Second set score: Zille versus Grootes – love all

Second set score: Zille versus Grootes – love all

Never one to stand back from a challenge, Helen Zille applies her journalistic and political skills to smash a backhand return at an equally adept literary warrior, Stephen Grootes. Anyone who follows either protagonist will relish what promises to be an instructive rally. While journalists are expected to show no fear or favour, Zille, unlike many other politicians, plays them at their own game, serve and volley, questioning, countering and providing evidence for each of her arguments. I cannot help but admire her using her stellar former membership of the Fourth Estate to robustly ventilate issues. Readers can form their own opinions and come election day, express them at the polls. This is how you do it: not slip intelligence to selected media pawns to gain favour and win propaganda wars. If, like me, you respect both protagonists, look forward to more Wimbledon-like exchanges. Let the best contestants fight it out – without victimising individuals to appear woke. – Chris Bateman

By Helen Zille

When I look back on my 25 years in politics and recall the sustained media attacks on the DA, I struggle to identify a single issue on which the pack-hunt of commentators got it right and the DA turned out to be wrong.

Indeed, our biggest misjudgements occurred when we followed in the media slipstream – as we did in the Schweizer Reneke debacle at the start of the 2019 school year.

But in the main, history has proved our foresight correct on almost every issue I can think of, ranging from the legalised corruption of BBBEE, to state capture, the dangerous ideology of Wokeness and much more.

We pointed out all these fallacies in real time, long before they became “obvious” – and were lambasted as racists (or worse) for doing so.

But the DA’s prescience is rarely, if ever, acknowledged. When most media commentators finally get it, years later, they usually trumpet it as a new insight. But this is rear-view mirror analysis, while they continue to careen blindly into the future fog. 

If they manage to spot an intersection on the road ahead, they almost inevitably take the wrong turn.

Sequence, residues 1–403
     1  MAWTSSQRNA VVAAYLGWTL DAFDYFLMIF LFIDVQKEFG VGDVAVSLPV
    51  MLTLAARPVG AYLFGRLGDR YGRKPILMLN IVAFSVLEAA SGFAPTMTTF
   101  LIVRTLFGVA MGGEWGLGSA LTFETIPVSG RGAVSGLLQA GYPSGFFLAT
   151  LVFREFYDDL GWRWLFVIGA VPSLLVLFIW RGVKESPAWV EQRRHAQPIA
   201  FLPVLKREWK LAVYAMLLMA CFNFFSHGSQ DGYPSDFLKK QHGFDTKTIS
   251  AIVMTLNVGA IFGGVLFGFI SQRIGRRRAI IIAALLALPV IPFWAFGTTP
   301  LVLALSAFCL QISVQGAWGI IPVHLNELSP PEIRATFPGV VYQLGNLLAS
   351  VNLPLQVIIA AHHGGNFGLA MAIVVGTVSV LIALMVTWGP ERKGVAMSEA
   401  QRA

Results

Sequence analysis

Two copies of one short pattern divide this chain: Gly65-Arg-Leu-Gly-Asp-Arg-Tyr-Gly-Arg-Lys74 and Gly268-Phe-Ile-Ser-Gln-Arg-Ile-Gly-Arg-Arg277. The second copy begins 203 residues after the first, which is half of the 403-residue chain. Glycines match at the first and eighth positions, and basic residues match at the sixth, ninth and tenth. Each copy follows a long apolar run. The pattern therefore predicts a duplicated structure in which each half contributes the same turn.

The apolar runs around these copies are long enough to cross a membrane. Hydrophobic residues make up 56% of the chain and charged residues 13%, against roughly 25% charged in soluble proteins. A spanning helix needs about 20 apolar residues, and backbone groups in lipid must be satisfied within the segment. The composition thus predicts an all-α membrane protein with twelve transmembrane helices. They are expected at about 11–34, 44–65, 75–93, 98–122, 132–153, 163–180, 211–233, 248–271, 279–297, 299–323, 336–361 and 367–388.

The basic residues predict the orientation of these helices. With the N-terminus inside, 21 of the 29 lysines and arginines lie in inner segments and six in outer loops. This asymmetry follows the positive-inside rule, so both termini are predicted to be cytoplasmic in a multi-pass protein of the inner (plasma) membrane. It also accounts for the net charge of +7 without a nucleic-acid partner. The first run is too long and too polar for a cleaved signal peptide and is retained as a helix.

Their double standards are also legendary. The DA is judged by a totally different yardstick from any other party. For example, other parties regularly fire and replace public representatives and staff, without having to endure adverse media comment. But if anyone leaves the DA, for even the most innocuous reason, it is presented as a “purge” or an “exodus”. 

Another favourite trick is “false equivalence”. Whenever the ANC is involved in a scandal, commentators will search for an issue (no matter how petty) to level equal criticism against the DA.

I see these things all the time. Mostly I just shrug. But sometimes I spot an example that is so egregious, that even I am taken aback.

Take a recent Stephen Grootes column, dated 12, June titled: The Nationwide Failure of SA Democracy

In his column Grootes briefly touches on the revelations that Cyril Ramaphosa hid a huge dollar cash stash, (reportedly between $4m and $8m), inside furniture in his farmhouse. The money was stolen, allegedly by a gang collaborating with a domestic worker. The suspects were then tracked down, allegedly kidnapped and bribed to keep the incident under wraps. 

This is the way Grootes deals with it: “While the discovery that Ramaphosa was keeping US dollars in cash at his farm, possibly illegally, is not in and of itself a massive event, it is often small incidents like this that precipitate a major political crisis.” 

I did a double-take. The fact alone that the president kept a huge haul of dollars at his farm IS a massive event, even without the alleged incredible criminal sequel. As most informed people know, keeping foreign currency, above the modest legal limit, is in itself, a criminal offence.